Ramsey and colleagues have recently published an excellent paper in PLOS ONE in which they detail their findings in a large sample of first-episode, drug-naïve patients. Essentially, they describe significant sex differences in 16 molecules that underpin various hormone, inflammation, and growth factor pathways that are significant in determining the cause and outcomes for schizophrenia. Severity of illness was measured in men and women and correlated with hormones, and revealed different associations.
For example, in women the inflammatory markers were negatively correlated with severity of illness, while men had a negative correlation among prolactin, testosterone, and severity of illness. This has a number of potential implications for the treatment and outcomes of schizophrenia. Of interest is that there was no clear specificity for schizophrenia and that in a smaller sample of patients with bipolar disorder and major depressive disorder, sex differences were seen in transferrin and growth hormone responses.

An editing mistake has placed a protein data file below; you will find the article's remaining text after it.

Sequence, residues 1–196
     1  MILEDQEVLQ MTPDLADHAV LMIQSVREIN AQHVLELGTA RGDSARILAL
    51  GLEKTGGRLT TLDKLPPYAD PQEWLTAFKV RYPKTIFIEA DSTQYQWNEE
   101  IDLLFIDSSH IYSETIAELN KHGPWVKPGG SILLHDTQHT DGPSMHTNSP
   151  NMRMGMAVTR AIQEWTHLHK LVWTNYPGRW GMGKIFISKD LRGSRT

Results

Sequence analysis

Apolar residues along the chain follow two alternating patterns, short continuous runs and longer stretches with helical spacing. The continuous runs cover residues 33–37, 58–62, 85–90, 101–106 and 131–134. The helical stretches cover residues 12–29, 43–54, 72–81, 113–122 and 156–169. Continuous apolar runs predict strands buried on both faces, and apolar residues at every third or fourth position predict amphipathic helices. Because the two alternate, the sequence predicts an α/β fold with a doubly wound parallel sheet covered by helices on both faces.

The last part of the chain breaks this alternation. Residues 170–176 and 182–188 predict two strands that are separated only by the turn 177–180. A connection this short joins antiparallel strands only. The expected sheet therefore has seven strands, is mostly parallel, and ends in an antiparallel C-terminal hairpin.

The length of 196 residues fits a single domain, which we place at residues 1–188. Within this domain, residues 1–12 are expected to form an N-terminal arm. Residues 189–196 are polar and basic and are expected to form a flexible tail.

Overall, this paper is a very well-performed study and...
Overall, this paper is a very well-performed study and highlights the need to consider the gender of the patient with schizophrenia as an important predictor of etiology and treatment responses. Combined with the epidemiological data and clinical information, the gender differences point to perhaps "male" schizophrenia being a different entity from "female" schizophrenia. Certainly, the clinical implications are profound, and further studies need to also examine the sex differences.